Mortgage Down Payment Tips and Sources
What is the Down Payment?
A down payment is a lump sum of money paid upfront by the buyer when purchasing a property.
The down payment represents a portion of the total purchase price of the property and is typically a percentage of the property’s value, with most lenders requiring a down payment of 5% to 20% of the purchase price.
The remaining balance of the purchase price is usually paid through a mortgage loan.
Down Payment Purpose
The purpose of a down payment is to demonstrate the buyer’s commitment to the purchase and to reduce the risk of default for the lender.
By providing a down payment, the buyer shows that they have some financial stake in the property and are less likely to walk away from the mortgage if they encounter financial difficulties in the future.
Possible Down Payment Sources
The down payment can come from a variety of sources including:
- Personal savings
- Gifts from family members
- Proceeds from the sale of a previous property
- Sale of personal chattels – with receipt of sale
- Secured lines of credit
It’s important to note that some lenders may have restrictions on the source of the down payment, so it’s important to discuss this with a lender before making a purchase. Borrowing down payment from credit cards or unsecured lines of credit is not usually allowed, nor is receiving funds from non-related sources (friends, business associates, etc).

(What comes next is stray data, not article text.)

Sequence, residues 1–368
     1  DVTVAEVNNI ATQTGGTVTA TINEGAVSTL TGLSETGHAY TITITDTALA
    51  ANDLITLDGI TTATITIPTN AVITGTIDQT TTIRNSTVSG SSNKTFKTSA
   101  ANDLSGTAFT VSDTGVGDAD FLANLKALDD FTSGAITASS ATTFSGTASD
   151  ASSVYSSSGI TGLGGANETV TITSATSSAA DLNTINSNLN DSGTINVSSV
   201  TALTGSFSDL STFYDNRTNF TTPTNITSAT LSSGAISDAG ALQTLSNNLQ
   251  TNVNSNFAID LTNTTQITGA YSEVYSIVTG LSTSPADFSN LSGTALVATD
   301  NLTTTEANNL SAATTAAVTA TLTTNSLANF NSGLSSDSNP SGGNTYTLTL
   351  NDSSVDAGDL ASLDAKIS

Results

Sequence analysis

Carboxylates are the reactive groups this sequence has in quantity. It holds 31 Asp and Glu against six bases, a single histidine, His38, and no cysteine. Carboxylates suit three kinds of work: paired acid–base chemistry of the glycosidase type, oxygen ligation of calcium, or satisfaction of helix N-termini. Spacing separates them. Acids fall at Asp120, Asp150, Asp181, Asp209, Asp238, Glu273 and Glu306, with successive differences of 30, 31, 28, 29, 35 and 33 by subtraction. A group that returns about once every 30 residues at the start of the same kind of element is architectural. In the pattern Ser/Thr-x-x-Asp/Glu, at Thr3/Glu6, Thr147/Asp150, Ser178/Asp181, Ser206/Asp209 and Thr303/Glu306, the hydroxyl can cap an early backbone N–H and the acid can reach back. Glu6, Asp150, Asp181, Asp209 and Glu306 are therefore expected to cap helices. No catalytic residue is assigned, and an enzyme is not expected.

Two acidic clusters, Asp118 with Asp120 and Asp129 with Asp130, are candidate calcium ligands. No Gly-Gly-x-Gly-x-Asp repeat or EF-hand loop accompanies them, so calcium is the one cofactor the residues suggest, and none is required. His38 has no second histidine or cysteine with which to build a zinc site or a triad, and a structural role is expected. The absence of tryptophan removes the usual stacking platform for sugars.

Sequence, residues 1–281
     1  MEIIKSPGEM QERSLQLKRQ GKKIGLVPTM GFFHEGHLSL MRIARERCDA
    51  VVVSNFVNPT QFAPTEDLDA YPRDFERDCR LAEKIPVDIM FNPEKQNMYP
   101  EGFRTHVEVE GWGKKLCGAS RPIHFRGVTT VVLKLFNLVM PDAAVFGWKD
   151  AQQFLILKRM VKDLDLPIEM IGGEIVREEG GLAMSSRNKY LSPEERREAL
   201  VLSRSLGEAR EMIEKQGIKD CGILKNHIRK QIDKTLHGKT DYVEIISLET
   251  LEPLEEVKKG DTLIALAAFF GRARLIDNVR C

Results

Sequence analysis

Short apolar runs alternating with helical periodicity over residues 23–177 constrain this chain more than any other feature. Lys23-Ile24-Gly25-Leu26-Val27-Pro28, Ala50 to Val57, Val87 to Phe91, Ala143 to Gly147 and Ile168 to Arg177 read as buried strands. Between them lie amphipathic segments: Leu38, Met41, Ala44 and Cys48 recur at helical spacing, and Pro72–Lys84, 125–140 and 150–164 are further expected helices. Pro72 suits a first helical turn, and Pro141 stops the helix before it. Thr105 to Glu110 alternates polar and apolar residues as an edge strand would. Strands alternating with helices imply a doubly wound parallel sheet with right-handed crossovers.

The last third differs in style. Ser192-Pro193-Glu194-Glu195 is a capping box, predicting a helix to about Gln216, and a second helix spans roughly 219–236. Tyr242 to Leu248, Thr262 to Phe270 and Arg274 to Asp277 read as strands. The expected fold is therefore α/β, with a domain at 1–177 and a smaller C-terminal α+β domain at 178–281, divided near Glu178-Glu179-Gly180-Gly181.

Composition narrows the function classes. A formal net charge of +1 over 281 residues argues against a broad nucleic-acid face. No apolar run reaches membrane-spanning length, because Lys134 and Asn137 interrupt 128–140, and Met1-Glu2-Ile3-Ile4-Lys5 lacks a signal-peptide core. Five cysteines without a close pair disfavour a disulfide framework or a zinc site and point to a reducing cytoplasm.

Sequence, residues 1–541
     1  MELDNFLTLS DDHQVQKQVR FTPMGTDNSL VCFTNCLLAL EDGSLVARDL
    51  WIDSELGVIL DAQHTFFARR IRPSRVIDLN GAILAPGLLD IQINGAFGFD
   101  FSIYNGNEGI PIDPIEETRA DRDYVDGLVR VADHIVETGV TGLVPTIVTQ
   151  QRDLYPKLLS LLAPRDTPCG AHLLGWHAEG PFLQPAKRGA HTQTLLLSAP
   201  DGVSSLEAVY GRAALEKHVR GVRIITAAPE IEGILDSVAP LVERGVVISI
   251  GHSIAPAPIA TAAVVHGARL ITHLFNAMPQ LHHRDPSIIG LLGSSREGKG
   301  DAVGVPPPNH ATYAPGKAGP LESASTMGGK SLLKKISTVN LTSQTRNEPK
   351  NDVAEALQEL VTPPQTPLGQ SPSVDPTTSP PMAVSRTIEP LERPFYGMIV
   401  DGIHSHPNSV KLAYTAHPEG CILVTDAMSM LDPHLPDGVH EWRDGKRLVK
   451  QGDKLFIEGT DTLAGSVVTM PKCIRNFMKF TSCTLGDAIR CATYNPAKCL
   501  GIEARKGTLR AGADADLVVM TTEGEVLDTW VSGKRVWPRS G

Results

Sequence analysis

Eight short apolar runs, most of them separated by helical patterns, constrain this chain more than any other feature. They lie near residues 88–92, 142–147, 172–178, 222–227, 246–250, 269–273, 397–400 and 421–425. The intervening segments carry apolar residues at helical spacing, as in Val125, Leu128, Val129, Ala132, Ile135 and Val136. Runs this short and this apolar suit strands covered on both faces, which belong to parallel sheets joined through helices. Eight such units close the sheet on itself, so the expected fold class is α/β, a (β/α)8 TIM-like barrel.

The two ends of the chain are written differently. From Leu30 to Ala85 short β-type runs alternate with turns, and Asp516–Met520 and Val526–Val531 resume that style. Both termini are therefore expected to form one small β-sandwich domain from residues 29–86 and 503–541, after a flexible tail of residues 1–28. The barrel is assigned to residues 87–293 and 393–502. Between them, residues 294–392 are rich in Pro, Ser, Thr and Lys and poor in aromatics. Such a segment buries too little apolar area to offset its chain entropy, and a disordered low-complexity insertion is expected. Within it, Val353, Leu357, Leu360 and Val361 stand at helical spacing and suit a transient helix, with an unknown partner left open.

Down Payment Source Validation
Lenders will typically require documentation to validate the source of the down payment, which may include bank statements, gift letters, and investment account statements.
The lender will want to ensure that the down payment is coming from a legitimate source and that there are no undisclosed loans or other financial obligations that could impact the borrower’s ability to repay the mortgage.
Anti-Money Laundering Regulations
There is no specific government department that ensures the source of the down payment, but lenders are required to comply with federal anti-money laundering regulations and may also have their own internal policies for validating the source of funds.
It’s important for buyers to be transparent about the source of their down payment and to work with a reputable lender to ensure a smooth and transparent transaction.
Conclusions and Further Thoughts
Finally, it’s really important to discuss your source of down payment upfront with your mortgage broker or lender. Huber Mortgage has over 10 years of direct lending experience and will help you organize the legitimacy of your down payment, advise on possible obstacles you may face or down payment sources that will not be allowed.
Having a clear and direct discussion will avoid the occurrence of funds being disqualified later on or confusion resulting after funds having been transferred into different accounts, requiring additional supporting documentation.
Call Huber Mortgage for a free, upfront mortgage consultation!